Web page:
The Millions

What the Caged Bird Feels: A List of Writers in Support of Vegetarianism

Growing up as a vegetarian in rural England in the ’90s, I was sometimes under the impression that my lifestyle was unusual—if not radical. In recent years, vegetarianism (and reduced-meat diets) have become more mainstream even in rural areas.

With time I’ve come to realize that there have always been vegetarians and vegetarian communities. Perhaps the more interesting ones for me are the artists and thinkers who go against the grain, choosing to think and live differently from the people around them. There is sometimes difficulty in ascertaining the validity of claims that certain historical figures actually followed a vegetarian lifestyle. For Da Vinci we have both Giorgio Vasari’s accounts and the letters between Andrea Corsali and Da Vinci’s patron Giuliano de’ Medici as convincing sources; for Pythagoras we have a number of ancient sources, as well as his enduring legacy. My awareness of Albert Einstein’s vegetarianism comes from primary sources—letters to Hans Muehsam and Max Kariel.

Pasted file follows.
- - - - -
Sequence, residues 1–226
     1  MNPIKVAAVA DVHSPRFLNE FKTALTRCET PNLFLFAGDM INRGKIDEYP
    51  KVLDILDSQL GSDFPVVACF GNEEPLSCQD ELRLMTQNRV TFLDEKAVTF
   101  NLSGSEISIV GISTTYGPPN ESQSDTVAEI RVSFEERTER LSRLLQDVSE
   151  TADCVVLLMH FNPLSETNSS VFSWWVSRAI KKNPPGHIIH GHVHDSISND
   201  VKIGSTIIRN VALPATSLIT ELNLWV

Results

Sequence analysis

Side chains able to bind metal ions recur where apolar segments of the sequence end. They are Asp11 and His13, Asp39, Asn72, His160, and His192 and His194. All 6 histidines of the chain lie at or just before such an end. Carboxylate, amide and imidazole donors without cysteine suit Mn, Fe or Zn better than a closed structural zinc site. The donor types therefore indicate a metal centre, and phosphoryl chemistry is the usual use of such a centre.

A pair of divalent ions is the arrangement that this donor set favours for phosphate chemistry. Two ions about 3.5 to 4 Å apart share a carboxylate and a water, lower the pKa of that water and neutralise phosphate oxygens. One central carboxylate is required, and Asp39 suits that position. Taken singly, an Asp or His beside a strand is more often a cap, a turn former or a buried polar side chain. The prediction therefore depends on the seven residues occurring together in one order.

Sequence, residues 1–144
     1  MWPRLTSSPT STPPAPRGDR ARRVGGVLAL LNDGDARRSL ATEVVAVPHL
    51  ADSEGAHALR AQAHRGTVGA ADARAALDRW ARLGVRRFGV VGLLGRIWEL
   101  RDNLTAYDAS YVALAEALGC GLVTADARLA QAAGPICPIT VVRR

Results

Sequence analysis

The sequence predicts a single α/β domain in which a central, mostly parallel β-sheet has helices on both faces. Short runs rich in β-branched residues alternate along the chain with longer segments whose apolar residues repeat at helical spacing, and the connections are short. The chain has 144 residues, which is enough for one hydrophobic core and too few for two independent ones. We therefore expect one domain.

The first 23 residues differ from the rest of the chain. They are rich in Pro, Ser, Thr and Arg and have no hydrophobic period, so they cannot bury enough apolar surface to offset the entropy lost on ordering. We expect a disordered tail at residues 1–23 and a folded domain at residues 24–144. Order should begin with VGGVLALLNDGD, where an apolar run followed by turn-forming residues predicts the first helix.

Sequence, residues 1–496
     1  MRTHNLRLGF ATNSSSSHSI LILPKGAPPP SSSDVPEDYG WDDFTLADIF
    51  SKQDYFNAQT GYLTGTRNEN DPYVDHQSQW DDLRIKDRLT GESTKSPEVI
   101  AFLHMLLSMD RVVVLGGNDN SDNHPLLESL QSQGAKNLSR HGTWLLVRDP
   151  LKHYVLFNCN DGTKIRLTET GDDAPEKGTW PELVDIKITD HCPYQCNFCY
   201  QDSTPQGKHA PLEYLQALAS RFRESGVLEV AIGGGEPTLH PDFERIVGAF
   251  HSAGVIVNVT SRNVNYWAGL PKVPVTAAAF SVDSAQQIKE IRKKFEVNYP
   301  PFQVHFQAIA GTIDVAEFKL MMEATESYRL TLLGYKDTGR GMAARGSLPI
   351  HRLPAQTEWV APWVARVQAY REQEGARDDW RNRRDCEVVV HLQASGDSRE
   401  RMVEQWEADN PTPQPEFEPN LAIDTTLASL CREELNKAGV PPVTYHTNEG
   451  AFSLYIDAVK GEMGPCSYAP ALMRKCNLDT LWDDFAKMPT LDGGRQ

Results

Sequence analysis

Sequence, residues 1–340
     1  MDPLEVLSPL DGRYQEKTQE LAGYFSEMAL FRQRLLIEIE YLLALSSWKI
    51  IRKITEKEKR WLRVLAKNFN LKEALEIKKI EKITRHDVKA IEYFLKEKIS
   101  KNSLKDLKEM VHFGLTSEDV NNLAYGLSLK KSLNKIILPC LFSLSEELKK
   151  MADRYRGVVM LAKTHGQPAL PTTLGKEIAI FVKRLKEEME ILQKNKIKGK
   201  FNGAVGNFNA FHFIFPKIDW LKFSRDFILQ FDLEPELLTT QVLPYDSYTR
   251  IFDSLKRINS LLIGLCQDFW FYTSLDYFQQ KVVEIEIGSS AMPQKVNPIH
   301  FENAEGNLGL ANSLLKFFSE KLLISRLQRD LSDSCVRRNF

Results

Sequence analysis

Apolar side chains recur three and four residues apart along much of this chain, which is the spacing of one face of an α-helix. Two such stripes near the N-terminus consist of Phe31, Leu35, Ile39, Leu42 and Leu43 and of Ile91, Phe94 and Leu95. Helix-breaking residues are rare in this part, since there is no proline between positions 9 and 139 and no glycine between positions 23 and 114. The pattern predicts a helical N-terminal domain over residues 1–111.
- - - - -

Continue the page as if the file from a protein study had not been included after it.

I will employ the term “vegetarian sentiment” here, as vegetarianism and veganism are ideologies before they are followed through in lifestyle and dietary choices. There are many writers and thinkers who advocate for vegetarianism and/or animal rights but still consume flesh meat. There’s Alice Walker, who I’ll talk about in more detail later; there’s Voltaire, who argued fervently against Descartes’s belief that animals were mere machines (though he may have been a practicing vegetarian based on what he writes in Dictionnaire Philosophique: “Men fed upon carnage, and drinking strong drinks, have all an impoisoned and acrid blood which drives them mad in a hundred different ways.”

Anna Sewell, through her children’s novel Black Beauty, taught young and old readers about how to treat both animals and humans with kindness—and in turn spurred progression in the animal welfare movement.

Raskolinov’s fearful horse dream in ’s is symbolic of what is soon to come—though also revelatory of what the author feels about animals. In his later novel, there’s

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